The Atlantic

5 Things You Need to Know Before the 'Glee' Premiere

Videos, insights, and a very awesome flowchart to help you prepare for the series' new season—even if you haven't been watching
gleecurtainraiser_post.jpg

Fox

Fox's megahit Glee returns Tuesday night with its much-hyped season two premiere. One of last season's highest rated new TV series, the show dominated the pop culture zeitgeist over the past year. Part comedy, part Broadway, part soap opera, Glee filled a niche for something that until that point hadn't existed on television: an of-the-moment, referential, and —most importantly—high-quality television musical series.

The show spawned Billboard-charting singles, four Emmy awards, countless parodies and tributes, a nationwide tour, and record DVD sales. Thusly, Glee fans ("Gleeks") are counting down the seconds to Tuesday's premiere. Not among the thousands who shelled out $90 for a ticket at a tour stop, or the 11 million viewers who tuned in to last season's finale? Fear not, we've put together a Cliffs notes study guide for season one: the five things you need to know before season two begins.

1. Everyone's

You're reading a preview, sign up to read more.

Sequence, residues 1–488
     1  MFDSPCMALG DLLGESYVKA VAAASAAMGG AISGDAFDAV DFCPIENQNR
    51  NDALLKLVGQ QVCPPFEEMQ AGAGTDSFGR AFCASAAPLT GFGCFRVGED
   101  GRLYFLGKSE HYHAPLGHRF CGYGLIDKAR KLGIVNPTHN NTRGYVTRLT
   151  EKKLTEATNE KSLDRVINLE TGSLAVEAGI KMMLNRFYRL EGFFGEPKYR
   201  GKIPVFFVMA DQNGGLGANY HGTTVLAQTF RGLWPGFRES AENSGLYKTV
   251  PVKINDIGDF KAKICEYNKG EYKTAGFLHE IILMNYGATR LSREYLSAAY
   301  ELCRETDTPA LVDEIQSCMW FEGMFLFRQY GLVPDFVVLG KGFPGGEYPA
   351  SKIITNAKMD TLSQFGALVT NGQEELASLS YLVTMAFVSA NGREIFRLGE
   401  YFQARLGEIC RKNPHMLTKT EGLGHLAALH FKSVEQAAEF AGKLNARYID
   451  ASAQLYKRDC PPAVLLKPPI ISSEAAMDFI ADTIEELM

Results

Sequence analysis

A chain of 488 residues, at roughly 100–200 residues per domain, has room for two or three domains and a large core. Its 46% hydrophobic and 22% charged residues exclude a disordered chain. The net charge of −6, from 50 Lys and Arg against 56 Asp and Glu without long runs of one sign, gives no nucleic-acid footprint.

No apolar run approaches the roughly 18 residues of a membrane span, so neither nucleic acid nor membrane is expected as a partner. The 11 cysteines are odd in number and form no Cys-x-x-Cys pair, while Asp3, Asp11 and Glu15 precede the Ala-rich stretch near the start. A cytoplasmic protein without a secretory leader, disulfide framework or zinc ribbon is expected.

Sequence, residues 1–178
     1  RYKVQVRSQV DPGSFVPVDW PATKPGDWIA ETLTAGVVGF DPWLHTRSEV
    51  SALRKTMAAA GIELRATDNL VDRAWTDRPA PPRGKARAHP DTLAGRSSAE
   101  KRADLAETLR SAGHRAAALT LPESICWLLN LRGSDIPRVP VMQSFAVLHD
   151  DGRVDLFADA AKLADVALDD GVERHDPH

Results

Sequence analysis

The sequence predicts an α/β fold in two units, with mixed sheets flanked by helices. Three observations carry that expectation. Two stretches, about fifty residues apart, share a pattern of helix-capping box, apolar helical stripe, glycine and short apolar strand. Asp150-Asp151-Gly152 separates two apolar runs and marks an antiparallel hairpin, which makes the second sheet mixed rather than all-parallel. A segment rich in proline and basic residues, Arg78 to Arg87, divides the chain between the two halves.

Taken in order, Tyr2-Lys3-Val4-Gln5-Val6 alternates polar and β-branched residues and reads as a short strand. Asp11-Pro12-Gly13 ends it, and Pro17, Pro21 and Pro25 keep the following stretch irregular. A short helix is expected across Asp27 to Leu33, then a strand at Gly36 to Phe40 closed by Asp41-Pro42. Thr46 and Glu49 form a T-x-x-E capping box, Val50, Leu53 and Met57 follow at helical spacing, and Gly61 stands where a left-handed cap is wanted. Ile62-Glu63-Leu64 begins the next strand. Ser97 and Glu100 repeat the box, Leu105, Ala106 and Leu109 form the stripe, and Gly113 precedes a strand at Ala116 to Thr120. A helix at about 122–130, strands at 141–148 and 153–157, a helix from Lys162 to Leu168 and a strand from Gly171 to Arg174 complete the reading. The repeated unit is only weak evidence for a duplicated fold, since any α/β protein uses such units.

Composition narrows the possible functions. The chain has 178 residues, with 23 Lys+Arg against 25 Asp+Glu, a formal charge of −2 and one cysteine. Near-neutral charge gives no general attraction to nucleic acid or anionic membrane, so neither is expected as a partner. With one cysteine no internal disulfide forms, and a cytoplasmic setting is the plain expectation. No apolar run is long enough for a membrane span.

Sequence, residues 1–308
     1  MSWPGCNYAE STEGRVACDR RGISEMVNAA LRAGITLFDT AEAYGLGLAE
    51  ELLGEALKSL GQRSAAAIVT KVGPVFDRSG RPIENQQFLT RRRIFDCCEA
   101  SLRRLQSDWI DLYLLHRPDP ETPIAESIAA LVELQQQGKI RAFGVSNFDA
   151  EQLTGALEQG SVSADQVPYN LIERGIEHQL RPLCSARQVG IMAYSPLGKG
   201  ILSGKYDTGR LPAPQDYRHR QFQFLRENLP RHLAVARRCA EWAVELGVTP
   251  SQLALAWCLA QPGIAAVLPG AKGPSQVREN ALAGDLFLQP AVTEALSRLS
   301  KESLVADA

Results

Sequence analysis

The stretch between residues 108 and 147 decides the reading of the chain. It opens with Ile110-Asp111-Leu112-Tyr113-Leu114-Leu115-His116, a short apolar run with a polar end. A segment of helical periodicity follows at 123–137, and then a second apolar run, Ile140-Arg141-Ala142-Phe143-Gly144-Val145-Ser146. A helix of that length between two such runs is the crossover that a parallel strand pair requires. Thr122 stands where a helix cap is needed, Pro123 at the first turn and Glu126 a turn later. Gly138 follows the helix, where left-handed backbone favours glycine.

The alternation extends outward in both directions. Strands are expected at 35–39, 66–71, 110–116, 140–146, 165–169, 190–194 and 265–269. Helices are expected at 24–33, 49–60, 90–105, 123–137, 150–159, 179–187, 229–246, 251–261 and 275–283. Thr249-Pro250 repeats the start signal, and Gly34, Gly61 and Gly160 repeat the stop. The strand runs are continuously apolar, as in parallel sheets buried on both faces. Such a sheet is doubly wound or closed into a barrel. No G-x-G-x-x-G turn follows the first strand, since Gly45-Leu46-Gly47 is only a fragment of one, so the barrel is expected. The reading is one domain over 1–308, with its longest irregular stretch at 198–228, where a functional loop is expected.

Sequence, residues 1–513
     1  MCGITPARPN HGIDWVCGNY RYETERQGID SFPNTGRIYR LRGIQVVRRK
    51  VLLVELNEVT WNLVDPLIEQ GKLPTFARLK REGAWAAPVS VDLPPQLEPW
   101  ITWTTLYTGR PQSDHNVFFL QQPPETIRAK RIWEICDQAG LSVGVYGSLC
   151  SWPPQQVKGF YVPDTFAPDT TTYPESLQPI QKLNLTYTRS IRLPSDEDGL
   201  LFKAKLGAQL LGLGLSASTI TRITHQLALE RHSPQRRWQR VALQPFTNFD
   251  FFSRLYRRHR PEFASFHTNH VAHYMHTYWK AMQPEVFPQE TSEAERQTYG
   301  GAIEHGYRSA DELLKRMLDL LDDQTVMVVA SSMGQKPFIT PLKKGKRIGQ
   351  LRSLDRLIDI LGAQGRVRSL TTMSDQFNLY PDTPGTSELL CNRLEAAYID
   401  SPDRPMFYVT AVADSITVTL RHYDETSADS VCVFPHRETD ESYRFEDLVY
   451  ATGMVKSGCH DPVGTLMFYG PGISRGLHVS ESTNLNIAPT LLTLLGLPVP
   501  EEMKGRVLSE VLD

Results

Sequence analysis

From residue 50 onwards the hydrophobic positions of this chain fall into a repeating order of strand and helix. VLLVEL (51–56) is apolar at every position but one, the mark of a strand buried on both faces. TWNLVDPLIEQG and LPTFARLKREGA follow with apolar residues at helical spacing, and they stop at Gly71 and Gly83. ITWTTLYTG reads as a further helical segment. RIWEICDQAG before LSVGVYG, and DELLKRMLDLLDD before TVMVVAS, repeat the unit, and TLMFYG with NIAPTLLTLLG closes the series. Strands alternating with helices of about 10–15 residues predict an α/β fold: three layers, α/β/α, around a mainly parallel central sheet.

More from The Atlantic

The Atlantic3 min read
John Prine Always Found the Right Words
I have never been on the porch that John Prine sings about in “My Mexican Home,” but I feel like I could tell you about it. How it smells in the rain and how I’d get splinters when I’d walk on it barefoot. That fan in the window has a cracked nob. Wh
The Atlantic4 min readPsychology
We’re Not ‘All in It Together’
I first noticed the message spreading a month ago, in emails from college and nonprofit leaders as they reckoned with the cascading impact of the coronavirus: “We’re all in it together.” At first, I found its decency calming. But as the message found
The Atlantic6 min readPolitics
Trump’s Allies Know He Has Failed
Defenders of the president seem to have settled on the excuse that the White House botched its pandemic preparations because it was too distracted by the drama on Capitol Hill.